Gilead Sciences (NASDAQ:GILD) has been getting a lot of attention these days for remdesivir, its possible treatment for the coronavirus, which so far has resulted in more than 2,000 deaths. Even though remdesivir could be a plus for the company if approved, there are still too many unknowns to make it a reason for buying shares of Gilead Sciences.

Instead, eyes should be on the fate of filgotinib, the rheumatoid arthritis treatment now under review at the U.S. Food and Drug Administration. Addressing a much broader market, this treatment could compensate for declines in sales of the company's older drugs.

A doctor holds a chart that says: "Diagnosis: rheumatoid arthritis"

Image source: Getty Images.

In December, Gilead Sciences submitted filgotinib to the FDA along with a priority review voucher, which reduces the review time. Standard review takes about 10 months, while priority review is completed in about six months. Filgotinib is an oral JAK1 inhibitor for adults suffering from moderate to severe rheumatoid arthritis. JAK inhibitors block the action of enzymes that support the inflammation process.

Global sales of $1.3 billion

For Gilead Sciences, the opportunity is significant. The global rheumatoid arthritis market is forecast to reach $34 billion by 2025, according to Fortune Business Insights, which said the North American market alone was worth $9.9 billion in 2017. Arthritis Foundation data show that 1.5 million Americans have rheumatoid arthritis. EvaluatePharma predicts filgotinib could bring in global sales of $1.3 billion in 2024. Gilead Sciences has also applied for approval in Europe and Japan. While Gilead is solely responsible for the commercialization of the drug in the U.S., partner Galapagos (NASDAQ:GLPG) will co-commercialize the drug in certain European countries.

More good news is that filgotinib has the potential for launches in five new indications over the next four years, the company said in its recent earnings call. Indications now in late-stage trials include ulcerative colitis, Crohn's disease, and psoriatic arthritis.

The big question, if filgotinib is approved, is about labeling. Safety issues have come up with some JAK inhibitors, and last year, the FDA ordered a "boxed warning" about increased risk of blood clots and death with higher doses of Pfizer's tofacitinib. The FDA also approved a boxed warning for another rival, AbbVie's upadacitinib, mentioning thrombosis and other risks. For Gilead's filgotinib, the concern is that the FDA might decide to apply boxed warnings to the whole drug class even if some have better safety profiles than others.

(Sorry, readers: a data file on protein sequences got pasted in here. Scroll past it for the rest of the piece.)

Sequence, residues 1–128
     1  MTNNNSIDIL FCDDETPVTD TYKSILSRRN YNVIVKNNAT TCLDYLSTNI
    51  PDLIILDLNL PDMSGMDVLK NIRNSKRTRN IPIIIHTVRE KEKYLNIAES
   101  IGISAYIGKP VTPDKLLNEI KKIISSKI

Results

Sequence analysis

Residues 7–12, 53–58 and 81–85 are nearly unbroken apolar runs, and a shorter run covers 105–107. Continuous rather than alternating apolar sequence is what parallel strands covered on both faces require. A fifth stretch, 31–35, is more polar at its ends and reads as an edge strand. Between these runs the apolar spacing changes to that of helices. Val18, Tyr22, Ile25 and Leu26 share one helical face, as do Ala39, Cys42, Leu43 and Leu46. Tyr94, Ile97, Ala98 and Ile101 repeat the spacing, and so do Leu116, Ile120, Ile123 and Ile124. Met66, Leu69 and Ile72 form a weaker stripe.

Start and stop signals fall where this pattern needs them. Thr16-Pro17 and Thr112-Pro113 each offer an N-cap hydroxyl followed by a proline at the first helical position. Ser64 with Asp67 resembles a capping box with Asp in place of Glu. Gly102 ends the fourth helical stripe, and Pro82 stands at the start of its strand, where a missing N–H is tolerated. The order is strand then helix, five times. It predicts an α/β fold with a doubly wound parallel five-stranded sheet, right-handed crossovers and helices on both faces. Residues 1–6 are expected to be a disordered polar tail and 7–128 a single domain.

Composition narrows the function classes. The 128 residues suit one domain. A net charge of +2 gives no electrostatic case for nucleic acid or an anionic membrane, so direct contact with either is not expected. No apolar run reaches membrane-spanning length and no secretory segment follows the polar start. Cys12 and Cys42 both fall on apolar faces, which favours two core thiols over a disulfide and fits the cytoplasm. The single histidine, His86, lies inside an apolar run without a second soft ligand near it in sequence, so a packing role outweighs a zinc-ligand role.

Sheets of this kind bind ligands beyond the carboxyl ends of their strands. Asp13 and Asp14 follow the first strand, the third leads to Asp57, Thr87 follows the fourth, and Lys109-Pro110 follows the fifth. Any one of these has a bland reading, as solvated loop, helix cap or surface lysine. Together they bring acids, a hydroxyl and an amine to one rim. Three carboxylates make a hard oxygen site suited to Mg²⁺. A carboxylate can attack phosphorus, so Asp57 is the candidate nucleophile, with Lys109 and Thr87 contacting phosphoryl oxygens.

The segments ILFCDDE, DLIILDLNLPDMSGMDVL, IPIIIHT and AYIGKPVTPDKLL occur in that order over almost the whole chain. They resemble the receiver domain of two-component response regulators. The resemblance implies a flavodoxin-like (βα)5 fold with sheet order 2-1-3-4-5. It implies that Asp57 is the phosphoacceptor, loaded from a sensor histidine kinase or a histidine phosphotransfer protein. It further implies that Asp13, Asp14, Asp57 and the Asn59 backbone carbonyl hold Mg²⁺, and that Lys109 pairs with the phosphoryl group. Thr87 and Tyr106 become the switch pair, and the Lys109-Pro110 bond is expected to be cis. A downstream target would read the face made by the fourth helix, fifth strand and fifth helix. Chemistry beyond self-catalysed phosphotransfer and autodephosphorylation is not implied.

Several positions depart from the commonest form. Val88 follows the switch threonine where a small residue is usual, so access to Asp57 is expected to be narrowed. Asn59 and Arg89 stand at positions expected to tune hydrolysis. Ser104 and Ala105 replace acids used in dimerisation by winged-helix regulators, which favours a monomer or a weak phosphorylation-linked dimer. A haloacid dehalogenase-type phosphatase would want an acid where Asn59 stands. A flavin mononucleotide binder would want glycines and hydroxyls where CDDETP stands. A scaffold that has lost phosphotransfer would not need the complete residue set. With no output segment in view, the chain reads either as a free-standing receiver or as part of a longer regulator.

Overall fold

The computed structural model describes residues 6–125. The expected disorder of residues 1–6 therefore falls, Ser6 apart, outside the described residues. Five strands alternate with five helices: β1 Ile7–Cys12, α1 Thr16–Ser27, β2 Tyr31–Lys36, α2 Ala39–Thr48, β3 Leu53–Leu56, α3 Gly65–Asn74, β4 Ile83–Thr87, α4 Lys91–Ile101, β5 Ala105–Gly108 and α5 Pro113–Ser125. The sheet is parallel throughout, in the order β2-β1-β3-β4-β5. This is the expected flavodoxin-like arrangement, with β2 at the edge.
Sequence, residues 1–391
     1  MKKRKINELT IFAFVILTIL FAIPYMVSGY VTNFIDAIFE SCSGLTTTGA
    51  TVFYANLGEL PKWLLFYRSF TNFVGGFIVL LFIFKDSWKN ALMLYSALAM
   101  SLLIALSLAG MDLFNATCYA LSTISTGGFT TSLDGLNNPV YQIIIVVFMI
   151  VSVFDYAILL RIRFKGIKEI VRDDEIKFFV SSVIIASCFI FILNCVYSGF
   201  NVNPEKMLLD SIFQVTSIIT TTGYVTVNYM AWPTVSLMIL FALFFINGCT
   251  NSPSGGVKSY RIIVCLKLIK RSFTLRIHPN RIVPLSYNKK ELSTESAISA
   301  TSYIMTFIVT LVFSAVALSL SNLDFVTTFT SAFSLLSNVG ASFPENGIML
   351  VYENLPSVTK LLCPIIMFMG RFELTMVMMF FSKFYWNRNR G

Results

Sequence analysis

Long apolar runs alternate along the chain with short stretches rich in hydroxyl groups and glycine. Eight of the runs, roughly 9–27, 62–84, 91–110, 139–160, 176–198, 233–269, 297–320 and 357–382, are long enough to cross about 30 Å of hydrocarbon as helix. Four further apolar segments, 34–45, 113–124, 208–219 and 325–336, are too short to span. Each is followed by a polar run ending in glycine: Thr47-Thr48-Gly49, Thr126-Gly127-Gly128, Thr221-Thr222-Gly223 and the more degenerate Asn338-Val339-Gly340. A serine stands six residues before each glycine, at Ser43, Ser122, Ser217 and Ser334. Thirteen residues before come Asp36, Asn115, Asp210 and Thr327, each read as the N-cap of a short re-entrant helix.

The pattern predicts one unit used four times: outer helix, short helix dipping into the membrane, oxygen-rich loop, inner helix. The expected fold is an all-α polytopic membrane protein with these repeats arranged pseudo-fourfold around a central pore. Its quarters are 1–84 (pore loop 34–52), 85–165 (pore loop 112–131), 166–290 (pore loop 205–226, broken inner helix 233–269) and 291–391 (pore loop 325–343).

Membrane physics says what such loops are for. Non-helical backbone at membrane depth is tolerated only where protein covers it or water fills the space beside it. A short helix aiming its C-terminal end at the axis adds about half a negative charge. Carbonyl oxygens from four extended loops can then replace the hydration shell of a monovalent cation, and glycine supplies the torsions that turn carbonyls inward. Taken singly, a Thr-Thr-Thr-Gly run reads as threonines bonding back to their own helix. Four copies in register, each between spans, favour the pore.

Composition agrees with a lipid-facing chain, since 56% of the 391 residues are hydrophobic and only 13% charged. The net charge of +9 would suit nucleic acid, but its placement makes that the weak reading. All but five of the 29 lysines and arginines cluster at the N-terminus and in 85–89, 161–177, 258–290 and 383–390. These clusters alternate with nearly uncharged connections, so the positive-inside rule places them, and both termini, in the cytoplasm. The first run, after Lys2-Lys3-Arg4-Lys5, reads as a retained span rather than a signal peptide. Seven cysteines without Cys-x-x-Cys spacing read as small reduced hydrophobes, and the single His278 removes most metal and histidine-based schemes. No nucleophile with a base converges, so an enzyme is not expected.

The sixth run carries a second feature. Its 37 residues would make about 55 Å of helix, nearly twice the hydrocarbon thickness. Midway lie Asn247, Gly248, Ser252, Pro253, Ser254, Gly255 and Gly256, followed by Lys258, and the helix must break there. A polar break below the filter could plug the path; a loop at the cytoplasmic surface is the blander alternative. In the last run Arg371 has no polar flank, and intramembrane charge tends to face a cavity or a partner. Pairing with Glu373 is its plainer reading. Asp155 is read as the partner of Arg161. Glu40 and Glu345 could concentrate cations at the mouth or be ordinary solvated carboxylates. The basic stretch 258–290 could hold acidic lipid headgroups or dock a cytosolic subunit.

Durable safety and efficacy

While the application of such a warning across an entire drug class isn't great news for filgotinib, its impact might be limited. Sure, some doctors may turn away from the entire drug class, but others may look further into the data and choose the safest options. Here, Gilead Sciences' drug may stand out. Filgotinib's FDA submission is backed up by safety and efficacy data in a trial involving 3,452 patients over a period of 52 weeks. The company said filgotinib showed durable safety and efficacy in a variety of patient populations.

Overall, filgotinib is a reason to be optimistic about Gilead Sciences. Though a 15% drop in chronic hepatitis C product sales in the fourth quarter disappointed investors, and earnings of $1.3 per share fell short of analysts' expectations, HIV product sales and the company's pipeline provide additional bright spots. HIV product sales rose 12% in the quarter and for the whole year, and the HIV drug market is growing, with Allied Market Research predicting the market will reach $26 billion by 2022 from $20 billion in 2015. In the earnings report, Gilead Sciences said that at year end, it had $25.8 billion in cash, cash equivalents, and marketable debt securities, meaning it has the resources to support pipeline development. Of the more than 35 drug candidates, seven are in phase 3 trials. That number doesn't include filgotinib for the rheumatoid arthritis indication.

Is Gilead Sciences a buy?

And finally, let's talk about its stock price and valuation. The shares posted a lackluster performance last year, rising 3.9%, and so far this year, they're up 3.3%. Analysts expect 11% upside from here. While the valuation of nearly 16 is higher than that of Pfizer, which trades at a bit more than 12 times earnings, it's lower than peer AbbVie, which trades at almost 18 times earnings. The valuation could be considered reasonable, especially in light of the pipeline and the number of late-stage candidates.

So, is Gilead Sciences a stock to buy? Yes. Any weakness is a good opportunity to get in on a company with products for vast markets and many others waiting to grow revenue in the years to come.